• St. Mary’s School: Hillsborough Street, Wednesdays 3:30pm – 5:00pm
  • The Boylan Saturday Market: Kinsey Street, Saturdays 10:30am – 1:00pm

In responding to Hatem’s approach to Amplified Outdoor Entertainment permitting, let’s expand the conversation.

Post by Donna Belt

(Donna is an Executive Board Member of the Glenwood South Neighborhood Collaborative and leads the neighborhood’s public art.)

200fayetteville1On the morning of January 26, headlines in the N&O – Downtown developer Hatem raises alarm as Raleigh weighs noisier Fayetteville Street – reignited a conversation that has been taking place in Raleigh over the past few years.  And now, it’s come to the forefront as City Councillors weigh Hatem’s argument against Outdoor Amplified Entertainment permits for bars and restaurants along Fayetteville Street.


First, I’d like to say that Hatem is right.  He does need to move to Oakwood, if he finds Fayetteville Street “unlivable”.  Families with young children are often happy for a lifestyle with controls in place that ensure quiet homogeneity.

As a prime developer of downtown properties, Greg Hatem has contributed a lot to our city.  But the argument he makes negating the approval of these permits is based on a self-limiting premise, that it’s EITHER happy residents with restrictions placed on late night businesses, OR miserable residents suffering with unlivable noise and mess.

Glenwood South – with 5 times more residents than the Fayetteville Street District and 75 businesses (many open late night) – has embraced moving the conversation from an assumption of Either-Or to Both-And.

BOTH late night businesses have Amplified Outdoor Entertainment permits, AND residents have a process in place for working with business owners and a City appointed noise ordinance officer until concerns are resolved.

BOTH late night businesses are encouraged, AND the vitality of daytime restaurants and shops is supported by the Glenwood South Neighborhood Collaborative, DLA, DRA and Shop Local Raleigh.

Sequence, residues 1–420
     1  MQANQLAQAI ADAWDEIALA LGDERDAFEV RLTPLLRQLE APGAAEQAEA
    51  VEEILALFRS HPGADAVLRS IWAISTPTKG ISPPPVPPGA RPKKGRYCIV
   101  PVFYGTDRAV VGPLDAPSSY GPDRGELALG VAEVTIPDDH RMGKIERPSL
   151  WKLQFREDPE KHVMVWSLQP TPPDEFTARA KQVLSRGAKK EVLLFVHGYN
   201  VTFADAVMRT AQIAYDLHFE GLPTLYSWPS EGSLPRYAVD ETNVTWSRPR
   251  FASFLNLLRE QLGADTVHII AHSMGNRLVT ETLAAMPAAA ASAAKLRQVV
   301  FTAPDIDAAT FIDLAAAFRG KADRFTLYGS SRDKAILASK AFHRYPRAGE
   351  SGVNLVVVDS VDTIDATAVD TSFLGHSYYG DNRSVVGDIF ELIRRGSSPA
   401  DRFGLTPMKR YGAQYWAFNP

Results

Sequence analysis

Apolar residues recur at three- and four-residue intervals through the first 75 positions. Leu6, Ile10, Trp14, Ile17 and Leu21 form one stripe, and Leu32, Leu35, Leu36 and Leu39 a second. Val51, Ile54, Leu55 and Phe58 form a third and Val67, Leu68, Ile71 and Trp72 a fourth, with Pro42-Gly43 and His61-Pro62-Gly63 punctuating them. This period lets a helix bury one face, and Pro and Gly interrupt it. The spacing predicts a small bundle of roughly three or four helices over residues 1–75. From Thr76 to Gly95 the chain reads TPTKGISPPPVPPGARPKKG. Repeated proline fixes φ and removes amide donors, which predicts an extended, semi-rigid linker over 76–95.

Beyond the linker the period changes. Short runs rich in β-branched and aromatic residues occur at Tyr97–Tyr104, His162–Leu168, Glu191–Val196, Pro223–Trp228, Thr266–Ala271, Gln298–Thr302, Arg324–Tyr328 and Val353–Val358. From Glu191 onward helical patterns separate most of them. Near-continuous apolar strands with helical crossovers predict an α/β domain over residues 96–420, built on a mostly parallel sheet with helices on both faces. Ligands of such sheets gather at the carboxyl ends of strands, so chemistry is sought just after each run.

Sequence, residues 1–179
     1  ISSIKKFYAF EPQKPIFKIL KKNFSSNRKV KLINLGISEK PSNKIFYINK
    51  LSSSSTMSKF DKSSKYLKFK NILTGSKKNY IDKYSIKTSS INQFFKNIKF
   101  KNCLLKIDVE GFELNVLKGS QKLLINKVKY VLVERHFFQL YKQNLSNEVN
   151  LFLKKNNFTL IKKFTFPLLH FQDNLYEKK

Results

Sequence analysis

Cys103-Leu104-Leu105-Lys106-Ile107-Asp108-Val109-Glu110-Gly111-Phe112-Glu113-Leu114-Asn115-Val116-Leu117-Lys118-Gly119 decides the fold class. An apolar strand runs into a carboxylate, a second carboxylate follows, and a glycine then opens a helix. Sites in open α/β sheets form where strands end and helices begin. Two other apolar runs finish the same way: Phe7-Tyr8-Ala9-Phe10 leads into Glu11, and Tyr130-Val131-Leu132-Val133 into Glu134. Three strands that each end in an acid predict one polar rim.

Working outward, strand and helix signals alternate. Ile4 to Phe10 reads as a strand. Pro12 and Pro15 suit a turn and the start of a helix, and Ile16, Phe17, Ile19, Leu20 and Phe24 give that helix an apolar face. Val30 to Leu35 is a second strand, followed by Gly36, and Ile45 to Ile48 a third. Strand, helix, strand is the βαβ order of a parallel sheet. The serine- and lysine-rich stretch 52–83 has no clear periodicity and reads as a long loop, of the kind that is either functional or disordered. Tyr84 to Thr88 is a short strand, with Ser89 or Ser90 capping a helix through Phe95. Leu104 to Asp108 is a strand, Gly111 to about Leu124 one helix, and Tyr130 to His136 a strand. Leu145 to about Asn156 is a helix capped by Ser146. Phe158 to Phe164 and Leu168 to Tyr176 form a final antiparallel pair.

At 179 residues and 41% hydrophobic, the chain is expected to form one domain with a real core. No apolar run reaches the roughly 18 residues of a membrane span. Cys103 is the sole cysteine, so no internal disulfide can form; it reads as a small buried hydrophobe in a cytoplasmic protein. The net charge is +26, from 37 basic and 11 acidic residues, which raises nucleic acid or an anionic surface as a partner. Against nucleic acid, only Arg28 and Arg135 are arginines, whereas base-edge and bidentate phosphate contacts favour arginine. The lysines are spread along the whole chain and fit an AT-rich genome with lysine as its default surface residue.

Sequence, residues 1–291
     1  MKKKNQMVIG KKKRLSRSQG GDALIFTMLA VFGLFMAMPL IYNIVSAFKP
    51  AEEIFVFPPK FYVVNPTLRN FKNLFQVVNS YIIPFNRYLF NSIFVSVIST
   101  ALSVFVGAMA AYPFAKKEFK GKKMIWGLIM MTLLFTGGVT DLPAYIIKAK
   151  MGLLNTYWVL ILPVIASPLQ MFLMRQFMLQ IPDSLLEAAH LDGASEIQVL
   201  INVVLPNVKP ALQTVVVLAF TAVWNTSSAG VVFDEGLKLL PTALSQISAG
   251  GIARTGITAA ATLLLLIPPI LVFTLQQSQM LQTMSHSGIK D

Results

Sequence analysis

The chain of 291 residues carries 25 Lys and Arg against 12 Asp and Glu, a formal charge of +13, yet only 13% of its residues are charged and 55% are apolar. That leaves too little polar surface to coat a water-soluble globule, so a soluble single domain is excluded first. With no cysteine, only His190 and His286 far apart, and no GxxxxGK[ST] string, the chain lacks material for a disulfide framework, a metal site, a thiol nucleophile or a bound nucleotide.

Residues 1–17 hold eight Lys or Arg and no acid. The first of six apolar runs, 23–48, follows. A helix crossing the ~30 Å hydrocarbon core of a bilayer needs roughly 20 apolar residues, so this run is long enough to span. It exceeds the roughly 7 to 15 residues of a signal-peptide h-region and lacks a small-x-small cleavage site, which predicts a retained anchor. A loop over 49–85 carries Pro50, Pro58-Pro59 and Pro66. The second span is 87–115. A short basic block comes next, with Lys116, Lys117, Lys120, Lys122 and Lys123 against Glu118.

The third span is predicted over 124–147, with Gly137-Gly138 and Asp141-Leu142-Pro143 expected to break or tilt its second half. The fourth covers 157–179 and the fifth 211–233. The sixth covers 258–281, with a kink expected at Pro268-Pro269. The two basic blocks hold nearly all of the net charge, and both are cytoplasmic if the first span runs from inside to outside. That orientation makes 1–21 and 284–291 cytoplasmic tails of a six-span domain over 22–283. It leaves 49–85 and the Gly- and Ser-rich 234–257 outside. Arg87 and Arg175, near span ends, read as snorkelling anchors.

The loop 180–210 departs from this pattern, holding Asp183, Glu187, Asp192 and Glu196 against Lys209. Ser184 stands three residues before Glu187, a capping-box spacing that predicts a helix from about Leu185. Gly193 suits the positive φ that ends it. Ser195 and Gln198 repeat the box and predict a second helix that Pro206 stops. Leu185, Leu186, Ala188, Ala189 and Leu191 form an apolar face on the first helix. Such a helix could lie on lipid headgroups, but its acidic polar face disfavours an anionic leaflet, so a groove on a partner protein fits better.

We believe that what is good for business is also good for residents, when both are working together for the empowerment of all.  And certainly happy residents make good customers.

We believe that Raleigh cannot develop the vitality that entices residents to move into the downtown if we continue to stay stuck in an Either-Or discussion.

We believe that downtown life is MORE engaging and alive because of diverse interests considering creative resolutions for solving the issues that inevitably arise with thousands of residents living in mixed use districts.

If you’re an Either-Or kind of person, then the suburbs will suit you fine.  But if you welcome the opportunity to create community around models that are inclusive, adaptable and innovative, then downtown life is a great choice.  That is, as long as  arguments like Hatem’s are seen for what they are: show stoppers, rather than invitations for the kind of collaboration that defines an alive, vital downtown.

‘OrderUp’ Food Delivery Now Serving Downtown Raleigh

Post written and submitted by OrderUp Raleigh.

X50UrsdD_400x400You know the feeling: You’re hungry and want something good but slammed at work or settled in at your place getting ready to watch the game. Your usual go-to doesn’t deliver and you’re looking for new options.